What Is Convergence Thinking and How Does It Affect One's Approach to Muslims?

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In than five years after Vatican II, a Roman Catholic committee called the "Secretariat for Non-Christians" issued a booklet called their Guidelines for Dialogue. In the quote below you will see that it advocates for a meeting of the minds of Roman Catholics and Muslims, something which it calls 'convergence.' This convergence idea was diagrammed by a former Muslim in a picture below. He suggests that many Protestants are trying to bring what he calls the Biblical Christ line, closer to the Islamic Christ line. The practical result of this thinking is that there are Christians who suggest that the Islamic Jesus is very close to the Biblical Jesus. In this short treatment we will see that this convergence kind of thinking is very problematic to yet another former Muslim.

The report of the Secretariat

The Secretariat for Non-Christians was set in motion by Pope Paul VI in 1964 in an effort to display  ‘the effort the Church is making to come closer to the members of other religions" whereby none "‘will any longer be a complete stranger to this Rome." In a fashion this was a noble venture, to replace hostility with hospitality. Yet the statement of the Secretariat in 1969 foreshadowed a troubling dynamic with a statement about the 'oneness' of believers who could be Christians or Muslims. It read as follows:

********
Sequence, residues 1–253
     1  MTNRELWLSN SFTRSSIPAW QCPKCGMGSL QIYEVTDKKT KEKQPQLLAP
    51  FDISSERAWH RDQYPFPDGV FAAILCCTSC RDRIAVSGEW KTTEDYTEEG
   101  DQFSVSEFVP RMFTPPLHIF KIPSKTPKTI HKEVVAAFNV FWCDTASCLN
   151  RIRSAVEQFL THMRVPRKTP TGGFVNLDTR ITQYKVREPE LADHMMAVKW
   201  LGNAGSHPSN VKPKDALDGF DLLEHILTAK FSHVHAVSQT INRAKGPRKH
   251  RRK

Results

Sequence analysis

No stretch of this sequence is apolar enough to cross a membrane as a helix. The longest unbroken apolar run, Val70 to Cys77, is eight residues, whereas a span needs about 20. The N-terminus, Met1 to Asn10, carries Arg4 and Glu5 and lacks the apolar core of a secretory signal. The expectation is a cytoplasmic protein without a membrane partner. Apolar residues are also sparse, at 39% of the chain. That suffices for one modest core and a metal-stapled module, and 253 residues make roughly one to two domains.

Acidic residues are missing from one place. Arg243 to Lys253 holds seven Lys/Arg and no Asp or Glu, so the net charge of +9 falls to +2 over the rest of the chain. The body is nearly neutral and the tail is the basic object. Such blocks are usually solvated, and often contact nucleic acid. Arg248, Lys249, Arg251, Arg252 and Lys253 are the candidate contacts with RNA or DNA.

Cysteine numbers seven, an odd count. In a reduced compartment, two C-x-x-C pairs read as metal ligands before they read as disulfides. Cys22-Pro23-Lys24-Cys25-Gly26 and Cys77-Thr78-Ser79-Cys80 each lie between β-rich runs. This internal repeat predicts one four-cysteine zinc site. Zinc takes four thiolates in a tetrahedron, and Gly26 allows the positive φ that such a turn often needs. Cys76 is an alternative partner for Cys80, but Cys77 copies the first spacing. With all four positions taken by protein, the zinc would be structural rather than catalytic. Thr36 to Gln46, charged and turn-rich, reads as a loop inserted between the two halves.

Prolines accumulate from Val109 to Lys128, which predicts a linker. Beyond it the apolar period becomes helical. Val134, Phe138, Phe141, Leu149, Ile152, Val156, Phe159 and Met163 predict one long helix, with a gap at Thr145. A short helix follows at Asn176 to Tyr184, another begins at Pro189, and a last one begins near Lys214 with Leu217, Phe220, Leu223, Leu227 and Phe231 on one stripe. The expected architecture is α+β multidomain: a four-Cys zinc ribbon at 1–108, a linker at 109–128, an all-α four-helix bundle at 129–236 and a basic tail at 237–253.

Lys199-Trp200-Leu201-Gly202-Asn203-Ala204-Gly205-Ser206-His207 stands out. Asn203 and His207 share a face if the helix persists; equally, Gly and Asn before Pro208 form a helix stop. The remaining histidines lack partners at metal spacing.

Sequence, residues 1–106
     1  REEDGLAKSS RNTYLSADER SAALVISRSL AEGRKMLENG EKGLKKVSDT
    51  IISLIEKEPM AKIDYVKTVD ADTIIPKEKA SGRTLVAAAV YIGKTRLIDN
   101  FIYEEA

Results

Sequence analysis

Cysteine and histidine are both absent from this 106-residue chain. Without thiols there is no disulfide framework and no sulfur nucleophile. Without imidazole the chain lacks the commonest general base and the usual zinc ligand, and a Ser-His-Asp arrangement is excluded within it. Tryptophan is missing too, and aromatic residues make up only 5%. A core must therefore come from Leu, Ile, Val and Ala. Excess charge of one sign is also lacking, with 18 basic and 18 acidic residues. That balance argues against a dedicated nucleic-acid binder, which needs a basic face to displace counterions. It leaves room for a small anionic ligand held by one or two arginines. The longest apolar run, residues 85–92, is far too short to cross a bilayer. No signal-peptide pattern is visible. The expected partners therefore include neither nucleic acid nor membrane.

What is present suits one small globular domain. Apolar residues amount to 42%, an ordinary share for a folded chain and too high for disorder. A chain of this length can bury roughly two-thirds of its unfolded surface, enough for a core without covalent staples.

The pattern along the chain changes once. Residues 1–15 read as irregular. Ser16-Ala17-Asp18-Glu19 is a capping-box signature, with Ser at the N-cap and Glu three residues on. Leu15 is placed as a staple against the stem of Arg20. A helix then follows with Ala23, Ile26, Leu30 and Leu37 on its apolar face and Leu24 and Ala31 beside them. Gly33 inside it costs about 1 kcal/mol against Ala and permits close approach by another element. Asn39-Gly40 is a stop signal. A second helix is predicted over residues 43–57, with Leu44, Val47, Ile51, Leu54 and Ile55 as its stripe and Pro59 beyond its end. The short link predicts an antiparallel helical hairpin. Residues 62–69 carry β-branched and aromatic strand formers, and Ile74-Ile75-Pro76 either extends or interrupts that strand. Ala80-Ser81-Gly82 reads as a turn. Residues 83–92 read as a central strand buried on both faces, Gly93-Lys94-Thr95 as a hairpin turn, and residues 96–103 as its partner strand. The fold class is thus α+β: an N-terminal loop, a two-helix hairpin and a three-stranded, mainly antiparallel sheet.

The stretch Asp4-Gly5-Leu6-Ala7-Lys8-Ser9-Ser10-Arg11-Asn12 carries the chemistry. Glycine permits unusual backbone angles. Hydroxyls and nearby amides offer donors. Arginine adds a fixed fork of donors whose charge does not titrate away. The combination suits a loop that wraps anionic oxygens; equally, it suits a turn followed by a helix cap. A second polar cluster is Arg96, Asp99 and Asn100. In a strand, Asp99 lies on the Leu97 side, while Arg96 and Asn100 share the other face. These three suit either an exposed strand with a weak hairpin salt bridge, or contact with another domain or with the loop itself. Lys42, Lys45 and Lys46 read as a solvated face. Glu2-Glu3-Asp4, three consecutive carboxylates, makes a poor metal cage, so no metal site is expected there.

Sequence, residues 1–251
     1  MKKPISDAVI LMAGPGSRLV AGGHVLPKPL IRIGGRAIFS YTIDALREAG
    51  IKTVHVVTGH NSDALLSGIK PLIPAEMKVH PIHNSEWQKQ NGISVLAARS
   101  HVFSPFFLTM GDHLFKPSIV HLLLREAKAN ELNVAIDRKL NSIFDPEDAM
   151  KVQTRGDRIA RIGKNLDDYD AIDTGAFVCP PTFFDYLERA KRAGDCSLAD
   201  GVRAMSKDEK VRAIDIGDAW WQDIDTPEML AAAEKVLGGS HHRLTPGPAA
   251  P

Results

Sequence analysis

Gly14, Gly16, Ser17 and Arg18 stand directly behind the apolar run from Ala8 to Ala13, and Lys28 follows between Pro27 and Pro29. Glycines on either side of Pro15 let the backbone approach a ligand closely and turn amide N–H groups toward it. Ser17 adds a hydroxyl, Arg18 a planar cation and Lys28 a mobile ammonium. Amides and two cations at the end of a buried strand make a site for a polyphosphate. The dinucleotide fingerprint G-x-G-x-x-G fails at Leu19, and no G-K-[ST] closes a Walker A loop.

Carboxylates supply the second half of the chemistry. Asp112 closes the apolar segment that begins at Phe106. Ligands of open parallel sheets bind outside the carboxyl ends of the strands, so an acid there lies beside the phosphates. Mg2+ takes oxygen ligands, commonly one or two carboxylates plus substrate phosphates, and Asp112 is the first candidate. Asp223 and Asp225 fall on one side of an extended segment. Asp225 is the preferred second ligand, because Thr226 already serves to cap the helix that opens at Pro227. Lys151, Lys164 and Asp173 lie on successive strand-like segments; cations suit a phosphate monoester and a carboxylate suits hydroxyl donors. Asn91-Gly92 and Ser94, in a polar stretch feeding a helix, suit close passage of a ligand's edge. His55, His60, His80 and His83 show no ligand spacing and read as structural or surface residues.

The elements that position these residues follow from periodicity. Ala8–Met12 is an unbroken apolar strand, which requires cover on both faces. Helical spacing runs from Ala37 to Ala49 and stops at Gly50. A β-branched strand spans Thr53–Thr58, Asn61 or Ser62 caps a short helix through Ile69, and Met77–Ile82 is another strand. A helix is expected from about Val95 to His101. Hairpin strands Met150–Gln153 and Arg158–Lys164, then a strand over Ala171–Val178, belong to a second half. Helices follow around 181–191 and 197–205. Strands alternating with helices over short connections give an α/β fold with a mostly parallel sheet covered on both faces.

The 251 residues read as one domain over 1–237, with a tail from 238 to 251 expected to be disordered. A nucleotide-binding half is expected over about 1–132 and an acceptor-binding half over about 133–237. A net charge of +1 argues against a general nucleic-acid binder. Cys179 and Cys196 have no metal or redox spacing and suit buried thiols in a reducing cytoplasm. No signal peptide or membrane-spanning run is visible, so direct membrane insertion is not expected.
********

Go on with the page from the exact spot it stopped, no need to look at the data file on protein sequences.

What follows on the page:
We must try to discover with our Muslim friends the lines of convergence, which will lead us to become more united in heart and mind, with a deep respect for each other's main fundamental trends of thought and belief. Of course, we cannot yet see how our separate ways will ever meet. But what we can already see is that the aspirations of us all are growing ever closer. It is precisely this convergence that a spirituality for Muslim Christian dialogue will do its best to encourage, as a manner of sharing in a Mystery which is greater than us all, in anticipation of that day when all believers will be One.

From:  Secretariat for Non-Christians, Guidelines for a Dialogue Between
Muslims and Christians
(Rome: Edizion Ancora, 1969), p. 141.

Fast forward to 2015:

In 2015, Fred Farrokh, a former Muslim of Iranian background  published an article in Global Missiology  entitled, "Indigenous Perspective on Muslim Identity and Insider Movements" (January 2015).